EPSRC Newsline magazine, Issue 28, p4, 2004. Sensing Danger
EPSRC Newsline magazine, Issue 28, p4, 2004.
Could immunology-inspired research protect your computer?
As adventurous research goes, taking a controversial idea from immunology and applying it to computing is setting your sights rather high. Yet it was exactly this streak of ambition that caused EPSRC to recently award funding to Dr Uwe Aickelin of the University of Nottingham under its ‘adventure’ call. Dr Aickelin’s plan is to apply a concept from immunology, known as ‘Danger Theory’, to the problem of detecting people who might be tampering with your computer system.
Dr Aickelin first became interested in the idea for the project after his student, Steve Cayzer, investigated so-called ‘Artificial Immune Systems’ (AIS). Aickelin and Cayzer found that they could devise AIS algorithms that were useful for solving complex data mining problems. This led him to ask immunologist Julie McLeod what she and her colleagues thought of AIS: “It turned out that they had never heard of the area!” says Dr Aickelin, “after some interesting discussions I asked Julie what is currently hot in immunology and she gave me a paper entitled ‘The Danger Theory.’” This controversial theory suggests that the traditional idea that the body differentiates between self and non-self is wrong and that instead the immune system identifies ‘danger’ and then responds to it. Dr Aickelin immediately saw the potential benefits of an Intruder Detection System (IDS) using Danger Theory-based AIS.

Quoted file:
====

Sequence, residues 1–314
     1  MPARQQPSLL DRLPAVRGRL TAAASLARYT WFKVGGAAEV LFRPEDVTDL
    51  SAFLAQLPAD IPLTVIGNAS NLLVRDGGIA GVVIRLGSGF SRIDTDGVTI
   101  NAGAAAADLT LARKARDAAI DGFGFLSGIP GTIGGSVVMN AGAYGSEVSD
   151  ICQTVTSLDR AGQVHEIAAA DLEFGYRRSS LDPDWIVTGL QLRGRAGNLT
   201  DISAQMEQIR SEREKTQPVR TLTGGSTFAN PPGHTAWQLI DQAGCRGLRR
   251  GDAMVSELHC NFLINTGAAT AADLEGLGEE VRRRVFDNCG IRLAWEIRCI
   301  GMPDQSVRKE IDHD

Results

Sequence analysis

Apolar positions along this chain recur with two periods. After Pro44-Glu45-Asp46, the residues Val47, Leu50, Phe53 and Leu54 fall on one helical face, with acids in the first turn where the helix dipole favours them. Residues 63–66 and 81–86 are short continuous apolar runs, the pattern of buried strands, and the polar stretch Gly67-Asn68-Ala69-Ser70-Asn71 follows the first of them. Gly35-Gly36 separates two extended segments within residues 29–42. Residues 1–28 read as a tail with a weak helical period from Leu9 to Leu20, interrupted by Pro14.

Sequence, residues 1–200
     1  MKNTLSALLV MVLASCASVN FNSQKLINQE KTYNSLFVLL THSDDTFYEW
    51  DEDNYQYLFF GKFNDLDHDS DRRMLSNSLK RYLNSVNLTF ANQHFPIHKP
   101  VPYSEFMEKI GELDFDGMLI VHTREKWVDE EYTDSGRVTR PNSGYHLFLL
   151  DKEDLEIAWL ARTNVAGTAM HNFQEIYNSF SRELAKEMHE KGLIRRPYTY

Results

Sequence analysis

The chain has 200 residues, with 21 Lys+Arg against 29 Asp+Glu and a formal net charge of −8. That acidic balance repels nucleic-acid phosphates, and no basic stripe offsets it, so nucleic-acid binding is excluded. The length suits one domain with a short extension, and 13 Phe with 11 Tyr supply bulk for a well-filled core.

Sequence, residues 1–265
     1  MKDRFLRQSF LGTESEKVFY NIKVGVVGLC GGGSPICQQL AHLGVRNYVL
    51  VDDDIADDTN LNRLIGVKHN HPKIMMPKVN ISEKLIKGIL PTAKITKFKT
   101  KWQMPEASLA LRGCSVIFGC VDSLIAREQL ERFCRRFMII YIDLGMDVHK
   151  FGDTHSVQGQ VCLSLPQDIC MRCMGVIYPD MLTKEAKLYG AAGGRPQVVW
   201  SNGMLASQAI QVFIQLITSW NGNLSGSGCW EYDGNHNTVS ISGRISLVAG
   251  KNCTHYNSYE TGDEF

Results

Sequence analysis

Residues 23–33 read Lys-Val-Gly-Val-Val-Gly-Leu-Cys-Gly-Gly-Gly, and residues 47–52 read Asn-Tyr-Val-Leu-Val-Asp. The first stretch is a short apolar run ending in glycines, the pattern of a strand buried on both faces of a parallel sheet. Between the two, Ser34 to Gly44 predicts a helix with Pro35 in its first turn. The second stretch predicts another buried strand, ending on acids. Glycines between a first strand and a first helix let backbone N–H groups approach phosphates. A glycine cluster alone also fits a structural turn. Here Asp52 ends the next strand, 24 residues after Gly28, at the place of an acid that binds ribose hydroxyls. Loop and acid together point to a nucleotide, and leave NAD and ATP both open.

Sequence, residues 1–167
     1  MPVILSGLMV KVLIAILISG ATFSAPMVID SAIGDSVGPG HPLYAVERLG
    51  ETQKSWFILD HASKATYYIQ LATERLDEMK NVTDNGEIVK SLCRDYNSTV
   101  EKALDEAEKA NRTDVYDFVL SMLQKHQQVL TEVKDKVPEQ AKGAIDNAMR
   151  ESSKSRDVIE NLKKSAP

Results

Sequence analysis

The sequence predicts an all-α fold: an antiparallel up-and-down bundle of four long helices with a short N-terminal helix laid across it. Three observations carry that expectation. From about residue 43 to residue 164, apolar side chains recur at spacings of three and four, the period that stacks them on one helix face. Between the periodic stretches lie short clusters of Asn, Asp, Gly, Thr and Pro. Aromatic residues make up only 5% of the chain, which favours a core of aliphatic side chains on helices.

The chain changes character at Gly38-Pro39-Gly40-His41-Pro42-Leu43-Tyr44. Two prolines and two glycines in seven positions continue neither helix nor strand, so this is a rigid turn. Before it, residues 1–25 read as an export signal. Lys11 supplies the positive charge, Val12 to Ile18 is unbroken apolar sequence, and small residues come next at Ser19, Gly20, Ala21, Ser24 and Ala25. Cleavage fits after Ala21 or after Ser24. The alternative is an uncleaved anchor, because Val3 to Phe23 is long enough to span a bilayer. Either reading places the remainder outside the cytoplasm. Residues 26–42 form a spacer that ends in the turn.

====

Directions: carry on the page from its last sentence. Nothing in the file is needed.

While current Artificial Immune Systems show great potential for tackling intruders they have been held back by the huge amount of processing involved in following traditional models of natural immune systems: “Consider using the classical paradigm to protect a computer network against non-self: It means mapping the rest of the world!” says Dr Aickelin. “This project will try and overcome this restriction by using ideas based on Danger Theory. This should allow the construction of effective artificial defence mechanisms in areas such as computer security, financial fraud detection, network fault management or intrusion detection.” The project has attracted IDS experts from UCL, immunologists from Bristol, heuristic optimisation researchers from Nottingham and support from Hewlett Packard and ECSC, a leading computer security company. Dr Aickelin believes that despite the adventurous nature of the research it’s bound to produce valuable results: “The immunological results will stand regardless of the IDS and also regardless of whether the Danger Theory itself is ultimately accepted by immunologists.”
For more on this new research contact Dr Uwe Aickelin uwe.aickelin
Information on the adventure call is available at http://www.epsrc.ac.uk